Like the players, managers and board members, football stadiums come and go. Once a ground has reached the end of the road it is often knocked down and replaced with a new facility.
But the process isn’t always swift. Many stadiums are left to gather dust for many years before demolition and here, Express Sport takes a look at five of them including one that is bigger than six Premier League grounds.
The Stadio Flaminio in Rome has hosted many important sporting events over the years but now it lies in ruin. Stadio Flaminio was built in 1959 to serve as a venue for the 1960 Summer Olympics and went on to become the home of the Italian national rugby team for Six Nations home matches from 2000 to 2011.
Meanwhile, during the 1989–90 season both Roma and Lazio played at Stadio Flaminio during the renovations of Stadio Olimpico. Its 30,000-seater capacity is bigger than six current Premier League grounds, including Crystal Palace’s Selhurst Park and Fulham’s Craven Cottage. Yet despite its impressive size and history, it has been left to rot over the last decade.
The Millmoor Ground
The Millmoor Ground has been described as the “spiritual home” of Rotherham United, who played at the stadium between 1925 and 2008. In May 2008, Rotherham United were forced to leave Millmoor after talks with its owners collapsed. Rotherham went on to play their football at the Don Valley athletics stadium in Sheffield for four years before eventually relocating to the New York Stadium, which was opened in 2012.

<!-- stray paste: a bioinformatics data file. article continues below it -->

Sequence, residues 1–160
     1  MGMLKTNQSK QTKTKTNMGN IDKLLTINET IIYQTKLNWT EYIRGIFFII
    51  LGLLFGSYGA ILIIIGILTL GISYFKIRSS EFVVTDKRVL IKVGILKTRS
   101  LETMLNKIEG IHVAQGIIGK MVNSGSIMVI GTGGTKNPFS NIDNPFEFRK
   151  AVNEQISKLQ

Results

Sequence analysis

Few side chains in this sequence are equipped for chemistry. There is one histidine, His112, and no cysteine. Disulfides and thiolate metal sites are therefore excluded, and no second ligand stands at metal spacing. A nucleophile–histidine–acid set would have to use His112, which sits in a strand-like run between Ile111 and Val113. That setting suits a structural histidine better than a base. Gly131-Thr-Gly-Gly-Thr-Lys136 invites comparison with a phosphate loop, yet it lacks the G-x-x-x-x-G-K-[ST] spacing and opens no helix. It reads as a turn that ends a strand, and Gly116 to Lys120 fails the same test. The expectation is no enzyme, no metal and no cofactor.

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Millmoor briefly hosted non-league side Westfield United and some local youth teams in the proceeding years but has since fallen into a state of disrepair.
Leyton Football Club Stadium
Leyton Football Club Stadium stands (barely) as a reminder of the harsh realities of financial woes in non-league football. Leyton FC, not to be mistaken for the League One side Leyton Orient, played in the eighth tier of English football before they went under in 2011. While the club ceased operations, so too did the stadium, which has been abandoned for well over a decade.
No football was ever played at Nou Mestella, the unfinished 80,000-seater in the heart of Valencia which was supposed to be listed as a 2030 World Cup venue. Building began in 2007 but two years later it was halted for financial reasons. It has now been sitting partially built for over a decade.
Guangzhou FC Stadium
It’s a similar story for the Guangzhou FC stadium, which began construction in 2020 to house former Chinese Super League side Guangzhou Evergrande. The stadium would have had seating for 100,000 people.
However, the club’s owners, The Evergrande Group, one of China’s largest property developers, has since racked up debts of around £220b leading to the Chinese government seizing and cancelling the operation.
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